A Framework for Modern Prevention Science

> Recommendation 1: Adopt an Expanded Definition of Prevention Research

The Workgroup recommends the adoption of a broadened definition of prevention research that (a) expands pre-intervention research beyond traditional risk factors by including research that can encompass basic biological, psychological, and sociocultural risk factors; (b) includes the prevention of relapse, co-occurring illnesses, disability, and the consequences of severe mental illness for families; and (c) emphasizes the critical importance of integration across pre-intervention, preventive intervention, and preventive services research.

Other principles guiding modern prevention science include the importance of:

  • a developmental perspective across the life span;
  • multiple, interacting causal factors;
  • drawing on multiple disciplines in conceptualizing prevention;
  • systematic and rapid translation of research from basic risk-factor studies to real-life applications in clinical and community settings;
  • a broad range of intervention approaches, including pharmacologic, psychological, family, social system, and public policy changes;
  • public health need and scientific opportunity as the driving forces;
  • preventing comorbidity, especially between mental disorders and substance abuse;
  • preventing relapse, disability, and other consequences of mental illness;
  • testing both the safety and efficacy of preventive interventions.

Gaps and Opportunities

The Workgroup reviewed and analyzed the FY 1996 NIMH prevention research portfolio. All prevention grant abstracts judged by NIMH staff as relevant to pre-intervention, intervention, and services research were reviewed and were characterized by topic area, target group populations, age and type of research subjects, disorders or conditions, and methods. Based on this work, key gaps and opportunities in prevention research were identified.

Gaps in pre-intervention research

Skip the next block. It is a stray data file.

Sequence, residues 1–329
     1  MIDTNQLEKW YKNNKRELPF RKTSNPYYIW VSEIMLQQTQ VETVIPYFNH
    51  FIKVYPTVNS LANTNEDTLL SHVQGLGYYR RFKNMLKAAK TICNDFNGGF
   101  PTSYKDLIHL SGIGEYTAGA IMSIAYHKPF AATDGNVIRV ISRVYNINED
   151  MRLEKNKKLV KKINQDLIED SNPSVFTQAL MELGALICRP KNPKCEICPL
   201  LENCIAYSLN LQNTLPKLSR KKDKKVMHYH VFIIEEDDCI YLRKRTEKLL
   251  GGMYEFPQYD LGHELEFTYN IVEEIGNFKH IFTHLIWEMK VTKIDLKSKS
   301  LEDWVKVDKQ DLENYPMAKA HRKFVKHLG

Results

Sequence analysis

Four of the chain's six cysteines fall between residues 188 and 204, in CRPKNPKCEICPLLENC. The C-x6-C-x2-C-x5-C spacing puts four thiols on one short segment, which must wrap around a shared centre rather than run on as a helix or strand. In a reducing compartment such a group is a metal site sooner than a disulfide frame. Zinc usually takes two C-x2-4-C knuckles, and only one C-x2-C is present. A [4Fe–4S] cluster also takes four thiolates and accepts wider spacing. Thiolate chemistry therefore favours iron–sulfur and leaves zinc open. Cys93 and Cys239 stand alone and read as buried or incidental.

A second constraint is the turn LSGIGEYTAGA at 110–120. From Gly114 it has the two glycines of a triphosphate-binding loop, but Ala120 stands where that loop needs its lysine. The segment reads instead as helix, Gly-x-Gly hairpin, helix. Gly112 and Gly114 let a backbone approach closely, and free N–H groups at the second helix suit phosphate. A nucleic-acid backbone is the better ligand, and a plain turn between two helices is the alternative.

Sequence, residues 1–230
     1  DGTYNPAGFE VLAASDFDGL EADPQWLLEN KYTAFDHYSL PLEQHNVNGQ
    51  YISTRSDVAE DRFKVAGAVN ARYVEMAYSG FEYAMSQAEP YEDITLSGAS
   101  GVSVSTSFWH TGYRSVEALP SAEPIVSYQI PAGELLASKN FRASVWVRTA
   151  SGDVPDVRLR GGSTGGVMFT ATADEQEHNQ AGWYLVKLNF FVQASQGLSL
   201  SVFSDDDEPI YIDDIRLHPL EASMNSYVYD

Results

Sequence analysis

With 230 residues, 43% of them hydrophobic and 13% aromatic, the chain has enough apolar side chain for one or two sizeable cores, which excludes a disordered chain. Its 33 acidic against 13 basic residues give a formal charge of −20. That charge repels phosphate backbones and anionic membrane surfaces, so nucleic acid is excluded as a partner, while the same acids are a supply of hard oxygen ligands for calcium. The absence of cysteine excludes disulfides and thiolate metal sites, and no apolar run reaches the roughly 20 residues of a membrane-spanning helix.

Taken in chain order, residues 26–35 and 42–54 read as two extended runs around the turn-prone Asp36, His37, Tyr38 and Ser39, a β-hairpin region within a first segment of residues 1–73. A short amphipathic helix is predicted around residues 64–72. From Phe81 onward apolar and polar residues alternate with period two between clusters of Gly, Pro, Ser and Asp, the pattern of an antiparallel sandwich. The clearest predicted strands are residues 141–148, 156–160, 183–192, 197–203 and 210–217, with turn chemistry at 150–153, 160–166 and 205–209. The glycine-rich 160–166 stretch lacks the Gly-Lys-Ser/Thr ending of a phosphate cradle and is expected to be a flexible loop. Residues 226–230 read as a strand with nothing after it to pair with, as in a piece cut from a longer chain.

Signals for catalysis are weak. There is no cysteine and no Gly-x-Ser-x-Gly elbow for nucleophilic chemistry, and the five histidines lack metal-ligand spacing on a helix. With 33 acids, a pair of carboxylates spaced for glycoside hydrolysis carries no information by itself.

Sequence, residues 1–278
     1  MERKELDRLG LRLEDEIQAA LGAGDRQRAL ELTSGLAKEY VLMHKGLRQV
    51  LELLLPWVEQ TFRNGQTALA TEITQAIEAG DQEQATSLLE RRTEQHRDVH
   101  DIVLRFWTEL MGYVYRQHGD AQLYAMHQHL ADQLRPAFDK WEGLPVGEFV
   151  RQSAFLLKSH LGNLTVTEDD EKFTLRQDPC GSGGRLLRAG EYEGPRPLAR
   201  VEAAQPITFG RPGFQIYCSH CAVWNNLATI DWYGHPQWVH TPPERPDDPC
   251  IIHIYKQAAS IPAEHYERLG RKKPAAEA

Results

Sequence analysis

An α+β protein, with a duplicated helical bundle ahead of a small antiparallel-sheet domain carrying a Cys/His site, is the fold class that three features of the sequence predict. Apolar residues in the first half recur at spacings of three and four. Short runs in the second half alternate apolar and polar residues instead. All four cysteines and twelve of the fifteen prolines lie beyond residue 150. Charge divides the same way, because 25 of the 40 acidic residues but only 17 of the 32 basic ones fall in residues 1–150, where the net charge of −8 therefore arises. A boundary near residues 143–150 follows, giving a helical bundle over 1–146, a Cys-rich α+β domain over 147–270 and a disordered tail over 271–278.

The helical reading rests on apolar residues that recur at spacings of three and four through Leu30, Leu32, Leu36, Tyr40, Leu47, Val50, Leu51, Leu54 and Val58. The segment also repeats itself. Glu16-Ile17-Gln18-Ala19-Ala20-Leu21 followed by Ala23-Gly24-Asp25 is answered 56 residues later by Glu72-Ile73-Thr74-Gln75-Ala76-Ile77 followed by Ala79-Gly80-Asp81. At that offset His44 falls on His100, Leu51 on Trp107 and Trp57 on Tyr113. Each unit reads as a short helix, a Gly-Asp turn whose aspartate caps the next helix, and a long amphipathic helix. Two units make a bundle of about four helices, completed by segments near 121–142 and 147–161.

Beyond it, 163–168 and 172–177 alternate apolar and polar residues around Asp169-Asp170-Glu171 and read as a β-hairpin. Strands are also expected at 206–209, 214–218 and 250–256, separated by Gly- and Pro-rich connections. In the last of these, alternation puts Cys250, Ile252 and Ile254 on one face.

• Data are insufficient from population-based, prospective cohort, high-risk, and family studies to provide an empirical basis for choosing the timing and target groups for prevention strategies, particularly those using a selective or indicated approach.1
  • The risk-factor research portfolio is unevenly balanced with respect to both the public health significance and the severity of particular target outcomes.
  • The amount of risk-factor research focused on specific population subgroups (e.g., specific combinations of cultures, genders, and/or developmental stages) is very limited.
  • Little interdisciplinary collaboration exists within and among key domains of risk-factor research relevant to prevention.
  • Dramatic advances have been made in knowledge about the role of genetic and biologic risk factors for mental disorders. However, little systematic research has explored the interaction of these factors with psychological and environmental factors or the potential translation of knowledge about these risk factors into applied prevention research. Nor has it explored the diverse impacts—positive and negative—expected from such programs.

Gaps in preventive intervention research

  • Many treatment and intervention studies currently in the NIMH portfolio have strong relevance for prevention but are not characterized as such and are not included in planning for prevention.
  • Studies on relapse prevention and comorbidity prevention are not currently included in planning prevention research at the indicated level or beyond.